Defendants seek to have this action stayed or dismissed in favor of the Delaware Action. Neither the Employment Agreement nor the Non-Compete has a forum selection clause prescribing that suit be brought in Delaware. Both the Employment Agreement and the NCA have choice-of-law provisions stating that Delaware law is to govern both agreements. (Dkt. [1-1] at ¶ 15(a); (Dkt. [1-2] at ¶ 4(d)).
The Declaratory Judgment Act (the "Act"), 28 U.S.C. § 2201, et seq., states that "any Court of the United States, upon the filing of an appropriate pleading, may declare the rights and other legal relations of any interested party seeking such declaration, whether or not further relief is or could be sought." 28 U.S.C. § 2201. The Supreme Court has noted that the Act has been understood to confer on federal courts unique and substantial discretion in deciding whether to declare the rights of litigants . . . . The statute's textual commitment to discretion and breadth of leeway we have always understood it to suggest, distinguish the declaratory judgment context from other areas of the law in which concepts of discretion surface.
Wilton v. Seven Falls Co., 515 U.S. 277, 286-287 (1995) (citations omitted). "The factors relevant in deciding whether to hear a declaratory judgment action are equitable in nature." Manuel v. Convergys Corp., 430 F.3d 1132, 1135 (11th Cir. 2005)(citation omitted). Some relevant factors include: (1) the convenience of the witnesses; (2) location of documents and access to sources of evidence; (3) convenience of the parties; (4) the locus of operative facts; (5) a forum's familiarity with the governing law; (6) the weight accorded a plaintiff's choice of forum; and (7) trial efficiency and the interests of justice, based on the totality of the circumstances. Id. at 1135 n.1.
After considering these factors, in light of the totality of the circumstances, the Court will not exercise its jurisdiction over Plaintiffs' request for declaratory judgment. In reaching this conclusion, the Court finds that compelling circumstances exist to not rigidly apply the first-filed rule in this instance.*fn8 Defendants' Motion to Dismiss  is GRANTED; Plaintiffs' Complaint for Declaratory Judgment and Injunctive Relief  is DISMISSED. Plaintiffs' Motion for Summary Judgment , Defendants' Motion to Disqualify , and Plaintiffs' Motion to Stay Discovery  are DENIED as moot.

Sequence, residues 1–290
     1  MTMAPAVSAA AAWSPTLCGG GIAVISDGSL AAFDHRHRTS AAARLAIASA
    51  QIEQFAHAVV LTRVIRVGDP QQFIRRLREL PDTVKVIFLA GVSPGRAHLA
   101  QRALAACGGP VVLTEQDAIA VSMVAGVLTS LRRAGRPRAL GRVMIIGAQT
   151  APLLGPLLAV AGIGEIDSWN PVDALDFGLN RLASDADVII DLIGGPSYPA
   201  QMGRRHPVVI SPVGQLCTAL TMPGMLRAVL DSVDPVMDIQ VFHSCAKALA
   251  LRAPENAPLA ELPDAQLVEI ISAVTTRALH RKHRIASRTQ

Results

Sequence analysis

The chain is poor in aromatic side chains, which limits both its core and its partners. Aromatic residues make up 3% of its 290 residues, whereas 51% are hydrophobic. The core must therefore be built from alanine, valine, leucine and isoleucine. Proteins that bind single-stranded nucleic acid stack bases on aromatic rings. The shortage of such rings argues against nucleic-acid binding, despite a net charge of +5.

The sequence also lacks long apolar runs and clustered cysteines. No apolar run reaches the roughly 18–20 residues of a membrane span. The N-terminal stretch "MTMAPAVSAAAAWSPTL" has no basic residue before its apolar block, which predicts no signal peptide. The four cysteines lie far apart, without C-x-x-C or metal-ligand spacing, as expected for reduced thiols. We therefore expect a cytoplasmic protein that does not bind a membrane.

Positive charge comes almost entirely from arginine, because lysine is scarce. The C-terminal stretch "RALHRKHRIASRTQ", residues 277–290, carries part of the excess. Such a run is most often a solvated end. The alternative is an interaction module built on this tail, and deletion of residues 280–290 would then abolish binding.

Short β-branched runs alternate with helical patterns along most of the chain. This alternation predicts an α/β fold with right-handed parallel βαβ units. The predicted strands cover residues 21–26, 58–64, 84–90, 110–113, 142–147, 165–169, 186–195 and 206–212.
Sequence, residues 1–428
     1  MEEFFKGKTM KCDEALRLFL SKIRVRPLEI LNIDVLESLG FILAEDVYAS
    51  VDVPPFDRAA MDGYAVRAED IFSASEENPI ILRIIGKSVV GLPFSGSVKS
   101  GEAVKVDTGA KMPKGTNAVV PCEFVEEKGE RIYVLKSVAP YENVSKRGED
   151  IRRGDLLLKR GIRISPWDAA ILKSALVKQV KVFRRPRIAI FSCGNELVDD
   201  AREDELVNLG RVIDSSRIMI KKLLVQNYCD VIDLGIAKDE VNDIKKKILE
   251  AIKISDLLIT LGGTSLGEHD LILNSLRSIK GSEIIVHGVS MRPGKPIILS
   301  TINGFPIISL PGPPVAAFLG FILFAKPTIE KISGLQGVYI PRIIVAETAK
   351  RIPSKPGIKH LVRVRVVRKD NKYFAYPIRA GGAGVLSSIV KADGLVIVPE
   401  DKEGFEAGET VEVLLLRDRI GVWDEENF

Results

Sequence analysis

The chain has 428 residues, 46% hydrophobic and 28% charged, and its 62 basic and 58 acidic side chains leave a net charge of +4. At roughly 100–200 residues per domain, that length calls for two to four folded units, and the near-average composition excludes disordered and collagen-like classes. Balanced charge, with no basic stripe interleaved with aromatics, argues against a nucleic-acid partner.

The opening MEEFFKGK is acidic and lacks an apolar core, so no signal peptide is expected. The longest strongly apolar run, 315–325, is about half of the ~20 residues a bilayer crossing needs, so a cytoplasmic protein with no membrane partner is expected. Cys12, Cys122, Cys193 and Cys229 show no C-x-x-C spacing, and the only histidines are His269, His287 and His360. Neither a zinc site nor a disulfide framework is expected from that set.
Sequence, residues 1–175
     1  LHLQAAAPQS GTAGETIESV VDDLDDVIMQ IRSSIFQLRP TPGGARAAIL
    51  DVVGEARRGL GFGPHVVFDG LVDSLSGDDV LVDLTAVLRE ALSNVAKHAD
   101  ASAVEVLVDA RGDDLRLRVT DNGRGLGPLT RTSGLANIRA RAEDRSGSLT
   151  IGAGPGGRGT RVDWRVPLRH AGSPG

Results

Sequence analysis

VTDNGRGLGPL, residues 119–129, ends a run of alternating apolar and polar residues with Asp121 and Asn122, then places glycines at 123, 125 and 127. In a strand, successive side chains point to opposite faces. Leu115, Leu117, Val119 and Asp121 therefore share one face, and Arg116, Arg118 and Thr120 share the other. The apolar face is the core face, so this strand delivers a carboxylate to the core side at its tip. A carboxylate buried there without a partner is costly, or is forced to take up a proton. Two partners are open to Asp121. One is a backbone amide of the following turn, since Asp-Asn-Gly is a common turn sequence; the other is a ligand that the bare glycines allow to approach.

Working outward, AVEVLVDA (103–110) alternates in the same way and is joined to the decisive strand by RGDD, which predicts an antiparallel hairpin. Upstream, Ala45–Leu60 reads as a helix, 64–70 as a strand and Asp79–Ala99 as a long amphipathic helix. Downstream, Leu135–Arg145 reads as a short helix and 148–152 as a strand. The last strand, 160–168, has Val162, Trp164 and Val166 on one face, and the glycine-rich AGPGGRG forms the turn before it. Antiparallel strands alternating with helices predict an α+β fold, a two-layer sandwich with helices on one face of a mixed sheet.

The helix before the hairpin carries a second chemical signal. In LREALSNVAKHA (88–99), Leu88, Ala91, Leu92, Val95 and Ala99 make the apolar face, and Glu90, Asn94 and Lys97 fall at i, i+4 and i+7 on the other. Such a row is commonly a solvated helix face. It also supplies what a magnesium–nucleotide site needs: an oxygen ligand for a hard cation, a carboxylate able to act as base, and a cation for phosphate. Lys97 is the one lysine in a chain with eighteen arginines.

A. This action was filed in anticipation of litigation.
The Eleventh Circuit has noted that one equitable consideration in determining whether to exercise jurisdiction over a declaratory judgment action is whether such action was filed in anticipation of another pending proceeding. Ven-Fuel, Inc. v. Dept. of Treasury, 673 F.2d 1194, 1195 (11th Cir. 1982). Defendants argue that Plaintiffs filed this action in anticipation of the Delaware Action. Plaintiffs state in their Complaint that when Boone gave Jones his resignation, she stated that "Defendants 'will definitely enforce the Non-Compete.'" (Dkt.  at ¶ 37). Plaintiffs argue, however, that Jones's statement is insufficient to render this action in anticipation of litigation and does not provide a reason for this Court to not exercise jurisdiction over this action. The Court finds Plaintiffs argument unpersuasive.
Plaintiffs argue that in order "[t]o constitute an improper anticipatory filing, a lawsuit must be triggered by a direct threat of imminent litigation," and Jones's statement does not represent such a threat. Manuel v. Convergys Corp., No. 1:04-CV-1279, 2004 WL 5545025, *3 (N.D. Ga. Oct. 18, 2004). Plaintiffs reliance on the district court decision in Manuel is inapposite, because as the Eleventh Circuit noted, there was no threat of legal proceedings, but rather Manuel's former employer continued to seek assurances that his new job would not violate their non-competition agreement. Manuel v. Convergys Corp., 430 F.3d 1132, 1137 (11th Cir. 2005). The Court also finds Geltech Solutions, Inc. v. Marteal, Ltd., No. 09-CV-81027, 2010 WL 1791423 (S.D. Fla. May 5, 2010), distinguishable. The court in that case found that a cease and desist letter that threatened unspecified future legal action did not make the subject action anticipatory. Id. at *8. The court in that case held that the filing of the ...